What do you mean there should be a curve in my neck?
I get this question every now and then when talking to people about the normal structural alignment of the spine. Most everybody realizes that the spine should be straight when looking at it from the front or back. However, this is NOT the case when looking at it from the side.
Many people are unaware that the normal structural alignment of the spine, from the side view, has three distinct curves. The name for this is lordosis (neck and lower back) and kyphosis (mid-back) These curves can be objectively measured with specific structural x-rays and they have a normal value associated with them. which is no different than objectively measuring eyesight, blood pressure, or body temperature. Proper alignment of these curves not only provides balance, support, and shock absorption, they also allow nerve impulses to flow freely from the brain into the limbs and organs.
Perhaps the most important curve is the neck curve or the cervical lordosis. Since this is closest to the brain and the majority of the nerves have to pass through this region to get from the brain to the rest of the body, normal structure is vital. Research has shown that losing the normal curve in the neck causes the spinal cord, nerve roots, and blood vessels to stretch like a rubber band thus causing a pathological tension. This tension can travel all the way down to the lower back region and can be a reason why someone has lower body symptoms. This is also why we examine the entire structure of the spine even if someone has lower back pain.
I came across a recent study that shows a dramatic and eye-opening correlation between the structural alignment of an athletes neck curve and the extent of injury sustained during head-first or direct impact blows to the front-top of the skull.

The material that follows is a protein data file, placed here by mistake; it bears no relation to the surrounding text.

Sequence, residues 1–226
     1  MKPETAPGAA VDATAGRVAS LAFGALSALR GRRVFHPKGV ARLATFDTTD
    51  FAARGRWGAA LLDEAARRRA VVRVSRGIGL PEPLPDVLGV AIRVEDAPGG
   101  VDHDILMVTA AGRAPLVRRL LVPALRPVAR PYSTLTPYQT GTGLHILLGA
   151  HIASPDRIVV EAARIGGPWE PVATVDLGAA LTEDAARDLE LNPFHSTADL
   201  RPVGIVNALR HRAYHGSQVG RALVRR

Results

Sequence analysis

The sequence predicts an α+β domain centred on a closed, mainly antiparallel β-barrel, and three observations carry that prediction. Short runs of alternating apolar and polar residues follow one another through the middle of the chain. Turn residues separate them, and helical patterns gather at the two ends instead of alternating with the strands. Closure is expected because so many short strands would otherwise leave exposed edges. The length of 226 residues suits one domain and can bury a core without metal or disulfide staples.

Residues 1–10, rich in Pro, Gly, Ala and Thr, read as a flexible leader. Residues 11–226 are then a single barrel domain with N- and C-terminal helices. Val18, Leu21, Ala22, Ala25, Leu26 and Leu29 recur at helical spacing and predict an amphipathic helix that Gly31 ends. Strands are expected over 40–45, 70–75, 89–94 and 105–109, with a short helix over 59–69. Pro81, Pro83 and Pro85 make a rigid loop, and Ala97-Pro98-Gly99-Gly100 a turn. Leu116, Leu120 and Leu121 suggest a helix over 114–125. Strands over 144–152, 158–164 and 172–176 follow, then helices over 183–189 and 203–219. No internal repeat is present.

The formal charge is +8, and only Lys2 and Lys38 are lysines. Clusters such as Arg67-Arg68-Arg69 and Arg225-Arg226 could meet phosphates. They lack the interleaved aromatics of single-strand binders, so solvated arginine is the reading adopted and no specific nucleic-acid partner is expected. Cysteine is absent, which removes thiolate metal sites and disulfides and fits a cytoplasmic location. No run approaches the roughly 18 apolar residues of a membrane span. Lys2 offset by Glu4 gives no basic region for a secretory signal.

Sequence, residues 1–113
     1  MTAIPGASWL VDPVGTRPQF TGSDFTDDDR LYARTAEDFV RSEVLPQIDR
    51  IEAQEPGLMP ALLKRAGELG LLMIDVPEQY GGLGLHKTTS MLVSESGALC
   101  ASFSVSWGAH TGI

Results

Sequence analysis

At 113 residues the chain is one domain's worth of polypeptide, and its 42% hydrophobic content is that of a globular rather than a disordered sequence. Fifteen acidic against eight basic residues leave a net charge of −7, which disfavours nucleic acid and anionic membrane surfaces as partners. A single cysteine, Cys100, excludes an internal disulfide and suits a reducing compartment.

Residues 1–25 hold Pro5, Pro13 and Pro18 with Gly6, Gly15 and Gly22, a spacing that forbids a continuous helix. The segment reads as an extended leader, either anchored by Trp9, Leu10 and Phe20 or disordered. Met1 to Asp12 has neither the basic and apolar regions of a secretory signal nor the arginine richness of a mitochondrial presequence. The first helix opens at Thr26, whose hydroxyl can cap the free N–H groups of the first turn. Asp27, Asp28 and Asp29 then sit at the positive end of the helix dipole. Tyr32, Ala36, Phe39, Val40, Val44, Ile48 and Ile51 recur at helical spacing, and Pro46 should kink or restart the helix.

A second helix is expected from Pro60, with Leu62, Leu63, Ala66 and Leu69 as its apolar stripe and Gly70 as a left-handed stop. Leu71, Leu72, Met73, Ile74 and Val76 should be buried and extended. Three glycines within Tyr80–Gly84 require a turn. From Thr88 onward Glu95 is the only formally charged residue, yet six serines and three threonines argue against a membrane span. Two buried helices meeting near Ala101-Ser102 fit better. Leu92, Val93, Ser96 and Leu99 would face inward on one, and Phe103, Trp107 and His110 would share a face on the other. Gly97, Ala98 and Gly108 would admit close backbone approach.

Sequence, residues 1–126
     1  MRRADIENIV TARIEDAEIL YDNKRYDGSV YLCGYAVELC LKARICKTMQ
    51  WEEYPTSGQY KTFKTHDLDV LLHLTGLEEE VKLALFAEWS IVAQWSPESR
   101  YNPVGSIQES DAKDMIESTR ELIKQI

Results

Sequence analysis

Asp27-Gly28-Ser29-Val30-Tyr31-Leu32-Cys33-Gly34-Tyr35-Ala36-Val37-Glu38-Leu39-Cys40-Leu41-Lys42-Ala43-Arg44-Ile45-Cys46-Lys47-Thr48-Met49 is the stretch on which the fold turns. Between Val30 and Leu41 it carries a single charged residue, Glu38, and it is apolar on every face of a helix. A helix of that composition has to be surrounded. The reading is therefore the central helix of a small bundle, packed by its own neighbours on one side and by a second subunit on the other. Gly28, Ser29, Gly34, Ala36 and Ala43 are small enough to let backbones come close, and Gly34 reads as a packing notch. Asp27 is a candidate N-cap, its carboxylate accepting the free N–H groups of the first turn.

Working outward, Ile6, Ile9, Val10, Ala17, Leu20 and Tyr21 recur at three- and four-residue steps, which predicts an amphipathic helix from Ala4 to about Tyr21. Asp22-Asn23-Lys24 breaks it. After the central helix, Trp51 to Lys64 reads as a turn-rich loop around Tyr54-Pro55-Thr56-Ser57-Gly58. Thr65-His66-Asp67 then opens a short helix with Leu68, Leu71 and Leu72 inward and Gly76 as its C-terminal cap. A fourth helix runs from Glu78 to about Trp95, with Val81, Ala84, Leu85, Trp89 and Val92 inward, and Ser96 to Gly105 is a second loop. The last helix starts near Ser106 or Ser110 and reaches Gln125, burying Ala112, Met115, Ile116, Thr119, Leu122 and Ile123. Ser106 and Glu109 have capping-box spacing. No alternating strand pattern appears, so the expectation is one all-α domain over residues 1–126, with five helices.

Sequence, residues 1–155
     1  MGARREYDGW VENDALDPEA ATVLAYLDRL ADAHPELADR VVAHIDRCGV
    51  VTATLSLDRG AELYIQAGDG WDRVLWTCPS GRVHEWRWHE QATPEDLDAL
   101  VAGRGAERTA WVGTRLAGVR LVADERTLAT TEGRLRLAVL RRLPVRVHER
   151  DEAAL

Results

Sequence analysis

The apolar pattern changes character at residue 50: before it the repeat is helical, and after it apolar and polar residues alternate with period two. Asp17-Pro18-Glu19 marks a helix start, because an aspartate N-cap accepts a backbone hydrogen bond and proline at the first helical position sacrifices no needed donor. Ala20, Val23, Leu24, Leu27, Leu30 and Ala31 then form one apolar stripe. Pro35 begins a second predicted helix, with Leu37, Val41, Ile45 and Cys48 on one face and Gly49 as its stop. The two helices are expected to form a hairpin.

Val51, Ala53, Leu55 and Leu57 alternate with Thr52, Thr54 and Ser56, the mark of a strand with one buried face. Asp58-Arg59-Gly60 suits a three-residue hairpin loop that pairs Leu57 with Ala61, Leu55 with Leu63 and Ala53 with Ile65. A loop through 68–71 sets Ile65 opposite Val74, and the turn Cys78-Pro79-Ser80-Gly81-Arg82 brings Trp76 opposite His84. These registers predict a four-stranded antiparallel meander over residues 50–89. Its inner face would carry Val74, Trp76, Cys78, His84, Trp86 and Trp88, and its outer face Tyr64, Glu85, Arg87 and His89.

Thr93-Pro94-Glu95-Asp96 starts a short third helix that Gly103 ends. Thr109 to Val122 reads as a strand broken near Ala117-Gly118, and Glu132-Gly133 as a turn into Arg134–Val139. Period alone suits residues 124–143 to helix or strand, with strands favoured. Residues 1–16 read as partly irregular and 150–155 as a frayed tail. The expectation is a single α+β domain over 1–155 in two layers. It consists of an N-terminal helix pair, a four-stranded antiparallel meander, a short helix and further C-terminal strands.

It was found that athletes with straight or reversed cervical curves (Both of which are ABNORMAL) are prone to complex injuries to the cervical tissues and nerve roots, while those who maintain a normal structural cervical curve have a lot less chance of long-term and complex injuries. This is just another example of how "structure dictates function" and how having an abnormal structure decreases the bodies ability to optimally function.
So whenever I'm describing the normal structural alignment of the spine to anyone, I include the side view. Many of life's activities can change the structural alignment of the spine such as poor postural habits, accidents, and injuries.
Fortunately there exists specific structural corrective techniques to correct abnormally aligned neck curves; which will in turn improve curvature and overall health.
Moore Family Chiropractic focuses on helping people with restoring abnormal structural alignment and proper curvature.